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[sad-l-bag] /ˈsæd lˌbæg/
a large bag or pouch, usually one of a pair, hung from a saddle, laid over the back of a horse behind the saddle, or mounted over the rear wheel of a bicycle or motorcycle.
Often, saddlebags. excess fat around the hips and buttocks.
Origin of saddlebag
1765-75 Unabridged
Based on the Random House Dictionary, © Random House, Inc. 2015.
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Examples from the web for saddlebag
  • Today, only a few remnants from the contents of that saddlebag survive.
  • The position and steep angle of the stairway is typical of early saddlebag structures.
  • It has various folk type characteristics which are known as double pen or saddlebag.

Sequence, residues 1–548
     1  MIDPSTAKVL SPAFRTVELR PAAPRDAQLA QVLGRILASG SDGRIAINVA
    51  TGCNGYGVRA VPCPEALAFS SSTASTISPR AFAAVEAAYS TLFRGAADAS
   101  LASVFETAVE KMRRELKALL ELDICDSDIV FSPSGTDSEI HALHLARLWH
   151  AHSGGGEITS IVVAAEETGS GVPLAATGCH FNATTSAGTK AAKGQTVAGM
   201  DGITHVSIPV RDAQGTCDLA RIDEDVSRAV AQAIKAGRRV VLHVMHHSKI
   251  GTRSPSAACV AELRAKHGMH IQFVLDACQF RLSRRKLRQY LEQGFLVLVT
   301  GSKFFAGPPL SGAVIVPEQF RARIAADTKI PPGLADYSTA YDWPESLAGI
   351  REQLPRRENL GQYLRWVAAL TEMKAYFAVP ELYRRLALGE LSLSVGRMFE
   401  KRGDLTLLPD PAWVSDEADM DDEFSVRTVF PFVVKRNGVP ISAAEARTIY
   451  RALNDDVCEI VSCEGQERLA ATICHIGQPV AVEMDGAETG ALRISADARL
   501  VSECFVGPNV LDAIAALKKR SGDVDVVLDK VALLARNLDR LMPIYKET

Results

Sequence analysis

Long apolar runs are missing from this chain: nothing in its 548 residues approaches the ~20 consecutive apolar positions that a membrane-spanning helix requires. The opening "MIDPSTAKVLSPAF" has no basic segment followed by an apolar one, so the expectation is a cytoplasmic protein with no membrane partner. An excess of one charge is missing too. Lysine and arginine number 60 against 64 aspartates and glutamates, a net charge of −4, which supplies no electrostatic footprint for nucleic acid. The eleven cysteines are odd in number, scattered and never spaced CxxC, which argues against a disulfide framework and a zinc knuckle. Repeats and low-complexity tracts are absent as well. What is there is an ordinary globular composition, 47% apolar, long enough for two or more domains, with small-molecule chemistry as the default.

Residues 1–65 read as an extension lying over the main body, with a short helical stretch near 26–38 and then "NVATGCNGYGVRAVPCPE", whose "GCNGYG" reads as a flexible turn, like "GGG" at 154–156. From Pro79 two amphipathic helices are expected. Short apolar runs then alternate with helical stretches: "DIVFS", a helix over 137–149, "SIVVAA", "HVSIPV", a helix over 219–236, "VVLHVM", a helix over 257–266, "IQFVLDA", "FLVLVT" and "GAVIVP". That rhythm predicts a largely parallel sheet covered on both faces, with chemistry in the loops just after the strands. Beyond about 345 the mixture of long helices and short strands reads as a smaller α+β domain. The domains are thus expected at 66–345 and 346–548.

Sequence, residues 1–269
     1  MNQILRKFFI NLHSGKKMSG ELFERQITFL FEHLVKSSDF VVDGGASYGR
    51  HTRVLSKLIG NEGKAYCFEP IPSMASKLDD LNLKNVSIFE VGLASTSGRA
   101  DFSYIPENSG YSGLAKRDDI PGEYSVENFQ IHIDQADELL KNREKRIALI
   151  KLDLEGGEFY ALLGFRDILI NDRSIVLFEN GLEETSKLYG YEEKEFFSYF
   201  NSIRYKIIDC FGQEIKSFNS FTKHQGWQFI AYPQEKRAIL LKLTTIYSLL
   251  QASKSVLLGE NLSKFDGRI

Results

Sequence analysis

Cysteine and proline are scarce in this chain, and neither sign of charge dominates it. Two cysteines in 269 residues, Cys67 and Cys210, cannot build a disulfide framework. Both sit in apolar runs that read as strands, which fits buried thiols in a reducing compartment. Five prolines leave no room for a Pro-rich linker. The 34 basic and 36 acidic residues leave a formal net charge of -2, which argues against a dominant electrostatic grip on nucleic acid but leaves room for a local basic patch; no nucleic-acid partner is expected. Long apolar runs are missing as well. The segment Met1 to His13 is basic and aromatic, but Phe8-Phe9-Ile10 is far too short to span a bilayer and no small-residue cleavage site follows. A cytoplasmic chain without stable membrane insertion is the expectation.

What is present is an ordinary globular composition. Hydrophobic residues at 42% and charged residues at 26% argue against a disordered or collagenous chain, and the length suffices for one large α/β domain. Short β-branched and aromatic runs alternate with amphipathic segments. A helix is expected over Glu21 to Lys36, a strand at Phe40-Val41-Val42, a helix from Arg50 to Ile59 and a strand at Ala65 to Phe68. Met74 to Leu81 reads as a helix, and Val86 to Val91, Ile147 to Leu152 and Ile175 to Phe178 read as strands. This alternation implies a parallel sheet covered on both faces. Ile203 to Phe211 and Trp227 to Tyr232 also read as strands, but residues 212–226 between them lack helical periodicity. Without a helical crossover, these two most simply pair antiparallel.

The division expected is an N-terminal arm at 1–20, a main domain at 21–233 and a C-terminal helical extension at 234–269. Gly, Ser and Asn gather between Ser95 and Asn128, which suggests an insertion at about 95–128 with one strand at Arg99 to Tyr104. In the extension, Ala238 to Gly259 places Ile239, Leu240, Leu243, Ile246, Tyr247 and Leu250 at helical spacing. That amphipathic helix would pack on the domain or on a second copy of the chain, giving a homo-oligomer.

• The fuel cell powerplant module sits in the middle of the metal-hydride storage which is in a saddlebag configuration.
  • He tried to catch one but couldn't succeed, so he sat by the lake and took out a loaf of bread from his saddlebag.
  • These searches were conducted by the officer having the rider open the compartment or saddlebag and then looking inside.
British Dictionary definitions for saddlebag


a pouch or small bag attached to the saddle of a horse, bicycle, etc
(pl) (informal) rolls of fat protruding from the sides of a person's thighs
Collins English Dictionary - Complete & Unabridged 2012 Digital Edition
© William Collins Sons & Co. Ltd. 1979, 1986 © HarperCollins
Publishers 1998, 2000, 2003, 2005, 2006, 2007, 2009, 2012
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Word Origin and History for saddlebag

also saddle-bag, 1774, from saddle (n.) + bag (n.).

Online Etymology Dictionary, © 2010 Douglas Harper
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